I decided to jump right in, while Abby quickly volunteered to play photog after seeing too many spiders in the vines.  The gloves were a must, not only for protection from the thorns on the vines, but also to keep us from looking like we murdered someone with our bare hands. {Blackberries stain your skin something terrible}.  

We wiped out the areas we could reach from the dock and the floating barge, so we decided to take a stroll down the slough road to see if we could spot a jackpot. 

No luck, but the views and the company were marvelous.

Abby knew of a spot near her house, about two miles away, that would surely please us.  She also lent me a shirt when the Delta breeze cooled the temp down in to the 60s. 

This time she jumped in to the action, and together we filled my little 80s cooler, all before sundown. We even had time to pick some famous Bartlett pears.  The best.

Exhausted, but delighted, we gathered our booty and headed home. 

All this delicious fruit.  Too many recipes to choose from.  Any recommendations? 

The last picture is deceiving, admittedly, as there are only about half as many peaches left...mmm...


WEDding WEDnesdays: low-tech, high-impact

When it came down to it, a photo booth was not in our budget, although we had always planned on having one at our reception, even before they were popular.  Our Plan B turned out to be a much bigger hit, and I am so happy we didn't skimp so we could ultimately afford to rent an actual photo booth.  What did we do?
We took down the Suzani-print drapes in our living room, gathered some twine and a vintage wooden picture frame, and we made our own photo booth at the ceremony site.

Guests were encouraged to take their own pictures while waiting for the ceremony to begin in the 'booth.'  These shots were from our photographer, Scott.  Gabriel and his groomsmen set it up before guests arrived in a very short amount of time, and the best part is there was no waste or expense.  The drapes and frame are now hanging in his music recording studio in our house (but that's another post).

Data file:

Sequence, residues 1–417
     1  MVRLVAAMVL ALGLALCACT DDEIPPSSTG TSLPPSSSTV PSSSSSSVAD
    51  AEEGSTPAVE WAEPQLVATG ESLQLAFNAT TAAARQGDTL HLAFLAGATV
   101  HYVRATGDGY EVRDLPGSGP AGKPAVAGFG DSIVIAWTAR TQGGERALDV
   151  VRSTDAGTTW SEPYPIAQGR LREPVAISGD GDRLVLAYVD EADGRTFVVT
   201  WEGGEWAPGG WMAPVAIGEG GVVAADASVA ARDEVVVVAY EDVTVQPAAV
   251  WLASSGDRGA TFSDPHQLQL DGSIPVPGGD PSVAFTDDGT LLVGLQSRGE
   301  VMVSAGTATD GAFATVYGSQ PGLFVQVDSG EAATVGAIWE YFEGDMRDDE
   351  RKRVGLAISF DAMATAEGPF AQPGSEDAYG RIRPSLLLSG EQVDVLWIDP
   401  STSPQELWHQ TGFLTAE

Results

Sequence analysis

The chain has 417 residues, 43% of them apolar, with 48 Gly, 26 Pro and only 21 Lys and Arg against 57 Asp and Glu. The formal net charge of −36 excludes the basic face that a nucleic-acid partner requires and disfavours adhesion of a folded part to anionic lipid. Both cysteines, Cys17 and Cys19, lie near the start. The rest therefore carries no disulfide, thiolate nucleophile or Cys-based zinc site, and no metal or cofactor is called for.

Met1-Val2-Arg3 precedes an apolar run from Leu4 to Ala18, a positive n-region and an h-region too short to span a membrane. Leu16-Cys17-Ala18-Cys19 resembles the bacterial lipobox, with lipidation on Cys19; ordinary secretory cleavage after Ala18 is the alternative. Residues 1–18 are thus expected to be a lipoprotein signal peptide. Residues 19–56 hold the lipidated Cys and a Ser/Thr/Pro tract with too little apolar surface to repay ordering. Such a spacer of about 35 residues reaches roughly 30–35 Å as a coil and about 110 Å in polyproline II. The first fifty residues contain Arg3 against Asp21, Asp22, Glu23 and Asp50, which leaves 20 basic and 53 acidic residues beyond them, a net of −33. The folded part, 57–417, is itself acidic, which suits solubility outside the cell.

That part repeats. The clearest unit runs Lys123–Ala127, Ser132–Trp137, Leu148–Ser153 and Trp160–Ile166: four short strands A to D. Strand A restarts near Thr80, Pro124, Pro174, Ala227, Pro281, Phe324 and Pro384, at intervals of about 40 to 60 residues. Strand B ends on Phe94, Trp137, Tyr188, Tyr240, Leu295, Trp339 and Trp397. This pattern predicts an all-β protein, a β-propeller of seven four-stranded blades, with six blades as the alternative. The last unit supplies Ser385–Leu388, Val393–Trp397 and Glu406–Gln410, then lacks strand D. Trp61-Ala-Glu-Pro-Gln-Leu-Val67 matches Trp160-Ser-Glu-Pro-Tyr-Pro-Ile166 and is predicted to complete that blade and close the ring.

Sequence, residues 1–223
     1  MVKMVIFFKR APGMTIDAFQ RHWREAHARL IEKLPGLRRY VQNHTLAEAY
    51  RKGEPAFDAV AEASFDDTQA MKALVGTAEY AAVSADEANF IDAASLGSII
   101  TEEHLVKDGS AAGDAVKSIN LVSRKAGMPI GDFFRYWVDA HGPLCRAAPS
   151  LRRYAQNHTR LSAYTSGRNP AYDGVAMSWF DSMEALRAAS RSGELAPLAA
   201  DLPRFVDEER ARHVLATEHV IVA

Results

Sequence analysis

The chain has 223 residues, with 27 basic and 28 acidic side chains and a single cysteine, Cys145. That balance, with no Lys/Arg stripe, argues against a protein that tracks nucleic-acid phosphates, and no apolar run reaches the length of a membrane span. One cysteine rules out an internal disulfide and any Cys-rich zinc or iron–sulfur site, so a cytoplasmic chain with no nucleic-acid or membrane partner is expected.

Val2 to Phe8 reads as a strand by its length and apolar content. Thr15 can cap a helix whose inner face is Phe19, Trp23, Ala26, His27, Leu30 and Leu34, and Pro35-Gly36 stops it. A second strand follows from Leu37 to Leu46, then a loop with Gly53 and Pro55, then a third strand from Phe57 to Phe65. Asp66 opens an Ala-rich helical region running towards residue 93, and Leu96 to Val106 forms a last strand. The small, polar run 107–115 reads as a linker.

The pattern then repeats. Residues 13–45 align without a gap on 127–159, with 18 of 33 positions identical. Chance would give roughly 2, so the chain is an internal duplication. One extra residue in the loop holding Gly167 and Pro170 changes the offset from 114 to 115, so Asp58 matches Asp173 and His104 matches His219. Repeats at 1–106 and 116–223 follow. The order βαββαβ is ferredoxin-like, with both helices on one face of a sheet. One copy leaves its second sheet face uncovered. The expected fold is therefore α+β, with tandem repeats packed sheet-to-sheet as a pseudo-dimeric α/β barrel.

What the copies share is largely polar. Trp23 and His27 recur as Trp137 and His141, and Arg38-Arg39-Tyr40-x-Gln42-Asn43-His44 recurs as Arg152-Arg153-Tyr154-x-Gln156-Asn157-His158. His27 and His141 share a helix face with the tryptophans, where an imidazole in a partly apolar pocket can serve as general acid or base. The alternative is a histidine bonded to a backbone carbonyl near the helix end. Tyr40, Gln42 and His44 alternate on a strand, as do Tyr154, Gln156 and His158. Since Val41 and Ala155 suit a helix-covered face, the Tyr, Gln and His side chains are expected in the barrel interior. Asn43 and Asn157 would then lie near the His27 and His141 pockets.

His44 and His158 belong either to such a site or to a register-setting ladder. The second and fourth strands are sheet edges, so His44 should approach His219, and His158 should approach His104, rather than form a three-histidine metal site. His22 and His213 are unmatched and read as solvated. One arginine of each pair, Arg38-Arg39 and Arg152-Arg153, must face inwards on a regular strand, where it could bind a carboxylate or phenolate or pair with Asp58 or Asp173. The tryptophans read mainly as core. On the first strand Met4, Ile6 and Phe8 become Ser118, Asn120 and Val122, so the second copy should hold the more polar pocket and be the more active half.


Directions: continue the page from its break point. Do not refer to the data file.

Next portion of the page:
In the reception room, hanging on every wall behind guests' seats, were streamers of photos of me & Gabriel throughout the years.  Mixed in were childhood photos of each one of us, family photos, and the two of us during the past [now ten!] years.  He and I made a few of the streamers at our house, using ribbon and clothespins we already had on hand, but my mom and mamaw made all the others.  It was a lot of fun in the months leading up to the big day to have our friends' parents and our families contribute photos they had of us too.

This element has to be one of my favorites of all our decorations.  It was so touching to hear and see people mingling with others while reminiscing and commenting on all the photos.  It got people out of their chairs before and during the reception, and provided an easy ice breaker for guests who didn't know each other--not that it was necessary in our friendly outgoing crowd.  And, just as with the 'photo booth,' there was no waste associated with this project; all the materials and photos are either being re-used or stored for future use. 

I had heard horror stories about computer slide show malfunctions, so we chose to go the low-tech route with the photo streamers.  I'm so glad we did.  Not only did we save stress and $$ by nixing the slide show and all the technical equipment associated with it, but looking through the photos our photographer shot, I love seeing these streamers in the background behind the happy guests.  I think they helped set the tone and added to the homey mood in the room.